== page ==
“I have always tried to work safely in the shop, and a couple of years ago I took measures further by purchasing a SawStop cabinet saw. As I get older (64 now) I know that I will at some point start to lose a step here and there, so I wanted to ensure that a missed step didn’t include missing a finger. Any time that I use the miter saw, the last thing I do before pulling the trigger and lowering the blade is to mentally ask myself where my fingers are and then check to see that they are out of the danger zone. I have also informed my family that if they hear the saw running, they are not to enter the shop until it stops so as not to startle me and cause me to shift my attention away from the saw. My wife now makes it a point to knock and wait for me to answer before entering to make sure she doesn’t startle me and cause a mistake of any kind. When I’m in the shop she comes out a couple of times a day just to make sure I’m okay or to bring me a snack or just to say hello and see what I’m working on.” – Tom Atha
“Our efforts at safety in our private shops are pretty woeful, and the examples set by our ‘knowledgeable experts’ are often even worse. If I see the disclaimer ‘guards removed for clarity’ once per YouTube visit, I see it 10 times. What more did I see due to the guard being off the table saw? Show me the set up before turning on the saw and then replace the guard. My entire career was spent as an engineer and manager in the chemical industry. Due to some excellent managers who took time to educate me and being held to very high standards, I am very sensitive to safety practices. Our private woodworking practices in general fall far short of what is necessary.” – Jay Simmons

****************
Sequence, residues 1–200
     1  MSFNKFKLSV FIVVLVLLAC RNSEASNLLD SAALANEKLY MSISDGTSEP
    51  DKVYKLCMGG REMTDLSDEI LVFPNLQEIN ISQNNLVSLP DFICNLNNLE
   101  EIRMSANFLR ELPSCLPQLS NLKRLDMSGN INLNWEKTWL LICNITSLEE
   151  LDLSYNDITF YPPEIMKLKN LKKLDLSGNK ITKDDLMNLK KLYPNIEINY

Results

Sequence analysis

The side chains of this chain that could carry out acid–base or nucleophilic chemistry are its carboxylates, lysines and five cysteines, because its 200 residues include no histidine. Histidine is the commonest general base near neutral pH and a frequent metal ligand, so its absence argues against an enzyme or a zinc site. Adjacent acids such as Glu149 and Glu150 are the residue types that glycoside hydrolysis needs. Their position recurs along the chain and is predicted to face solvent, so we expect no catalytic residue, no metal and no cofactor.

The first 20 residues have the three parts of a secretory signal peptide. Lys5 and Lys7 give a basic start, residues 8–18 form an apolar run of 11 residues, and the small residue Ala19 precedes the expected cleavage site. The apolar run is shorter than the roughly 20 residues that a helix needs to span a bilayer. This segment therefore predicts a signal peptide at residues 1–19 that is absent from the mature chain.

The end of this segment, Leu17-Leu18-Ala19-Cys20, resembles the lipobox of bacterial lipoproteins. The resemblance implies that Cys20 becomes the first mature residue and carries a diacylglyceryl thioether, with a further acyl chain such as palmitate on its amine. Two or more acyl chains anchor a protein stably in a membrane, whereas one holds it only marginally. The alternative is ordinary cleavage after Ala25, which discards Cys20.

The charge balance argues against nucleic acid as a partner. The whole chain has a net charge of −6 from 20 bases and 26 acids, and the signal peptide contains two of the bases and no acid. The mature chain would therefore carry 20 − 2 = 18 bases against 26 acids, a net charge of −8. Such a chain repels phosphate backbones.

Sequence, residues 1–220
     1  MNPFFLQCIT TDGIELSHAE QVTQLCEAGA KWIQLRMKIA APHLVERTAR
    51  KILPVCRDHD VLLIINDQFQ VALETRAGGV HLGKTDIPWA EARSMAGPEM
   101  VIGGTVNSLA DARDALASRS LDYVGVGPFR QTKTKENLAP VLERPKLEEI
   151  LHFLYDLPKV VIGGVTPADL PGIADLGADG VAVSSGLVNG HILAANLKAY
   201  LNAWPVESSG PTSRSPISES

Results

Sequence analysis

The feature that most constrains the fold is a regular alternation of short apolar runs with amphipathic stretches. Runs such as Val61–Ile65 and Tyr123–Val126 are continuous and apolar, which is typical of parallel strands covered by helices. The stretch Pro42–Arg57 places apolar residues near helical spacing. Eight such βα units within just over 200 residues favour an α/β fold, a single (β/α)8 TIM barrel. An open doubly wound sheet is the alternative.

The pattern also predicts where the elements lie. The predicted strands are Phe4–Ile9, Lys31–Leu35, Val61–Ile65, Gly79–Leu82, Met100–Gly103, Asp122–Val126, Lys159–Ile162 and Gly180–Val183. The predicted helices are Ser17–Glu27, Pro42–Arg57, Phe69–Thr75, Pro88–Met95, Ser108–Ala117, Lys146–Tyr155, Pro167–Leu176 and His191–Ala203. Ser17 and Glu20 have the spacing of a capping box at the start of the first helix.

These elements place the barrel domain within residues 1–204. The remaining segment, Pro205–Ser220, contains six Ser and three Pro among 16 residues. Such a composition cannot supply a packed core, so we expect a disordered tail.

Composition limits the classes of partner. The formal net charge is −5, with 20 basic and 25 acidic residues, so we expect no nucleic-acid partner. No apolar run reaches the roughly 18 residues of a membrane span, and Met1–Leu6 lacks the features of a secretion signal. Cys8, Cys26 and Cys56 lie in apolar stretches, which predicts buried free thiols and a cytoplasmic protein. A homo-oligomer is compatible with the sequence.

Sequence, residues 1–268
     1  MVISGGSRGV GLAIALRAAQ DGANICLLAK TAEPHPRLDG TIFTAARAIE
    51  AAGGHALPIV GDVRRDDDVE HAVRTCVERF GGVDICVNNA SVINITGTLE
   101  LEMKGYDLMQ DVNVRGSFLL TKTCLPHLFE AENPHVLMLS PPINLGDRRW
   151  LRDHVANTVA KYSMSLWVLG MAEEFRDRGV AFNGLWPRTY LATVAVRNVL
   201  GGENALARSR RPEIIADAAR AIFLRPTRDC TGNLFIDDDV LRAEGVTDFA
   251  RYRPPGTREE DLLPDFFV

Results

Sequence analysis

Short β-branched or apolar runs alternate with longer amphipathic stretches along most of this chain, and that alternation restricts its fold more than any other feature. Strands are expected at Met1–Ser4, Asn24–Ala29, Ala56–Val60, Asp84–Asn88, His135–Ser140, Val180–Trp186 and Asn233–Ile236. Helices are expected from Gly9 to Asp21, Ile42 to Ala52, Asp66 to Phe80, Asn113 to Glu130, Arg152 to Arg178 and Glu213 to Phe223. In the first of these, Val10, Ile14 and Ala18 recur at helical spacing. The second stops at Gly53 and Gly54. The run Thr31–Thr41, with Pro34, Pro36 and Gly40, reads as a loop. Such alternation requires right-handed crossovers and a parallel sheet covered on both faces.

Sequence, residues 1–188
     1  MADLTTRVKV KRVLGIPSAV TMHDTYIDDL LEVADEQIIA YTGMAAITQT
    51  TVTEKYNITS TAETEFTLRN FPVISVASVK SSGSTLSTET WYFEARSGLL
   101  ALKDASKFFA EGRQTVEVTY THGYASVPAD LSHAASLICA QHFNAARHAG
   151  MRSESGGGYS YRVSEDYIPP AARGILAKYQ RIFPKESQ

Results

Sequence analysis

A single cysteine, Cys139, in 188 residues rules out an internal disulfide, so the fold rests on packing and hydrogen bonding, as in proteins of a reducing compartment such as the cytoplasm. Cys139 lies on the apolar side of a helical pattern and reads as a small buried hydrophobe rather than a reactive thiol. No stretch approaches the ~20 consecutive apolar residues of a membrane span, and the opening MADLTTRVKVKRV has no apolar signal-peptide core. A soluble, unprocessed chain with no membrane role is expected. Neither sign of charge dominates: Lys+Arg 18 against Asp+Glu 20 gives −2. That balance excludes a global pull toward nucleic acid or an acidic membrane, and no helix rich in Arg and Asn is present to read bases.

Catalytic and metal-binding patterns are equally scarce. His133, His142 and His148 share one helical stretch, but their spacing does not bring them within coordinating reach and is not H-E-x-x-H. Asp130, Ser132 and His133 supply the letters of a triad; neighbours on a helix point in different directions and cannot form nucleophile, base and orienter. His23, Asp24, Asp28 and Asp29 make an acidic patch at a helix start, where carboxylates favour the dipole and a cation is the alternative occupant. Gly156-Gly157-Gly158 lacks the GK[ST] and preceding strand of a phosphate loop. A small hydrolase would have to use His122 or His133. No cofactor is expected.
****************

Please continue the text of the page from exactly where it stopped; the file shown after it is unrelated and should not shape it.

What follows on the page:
“I have Hello Kitty BAND-AIDS® for my shop crews when someone has a boneheaded moment. Ladders and step stools are a common safety topic for me. I usually include a talk about 5-gallon pails and how they are not a step stool. Electrical safety is also a big topic for me. Quarterly inspections are required by OSHA and are recommended for every home shop. Properly grounded tools and cords in good condition can be a life saver.” – Joe Mazanec
“I am 72 years old, and I’ve had pneumonia three times. I never realized how much damage you can do to yourself by not using breathing protection. Now I wear a mask in my shop, and I always turn on my ambient air filter. A word to the wise.” – Charles Bickerstaff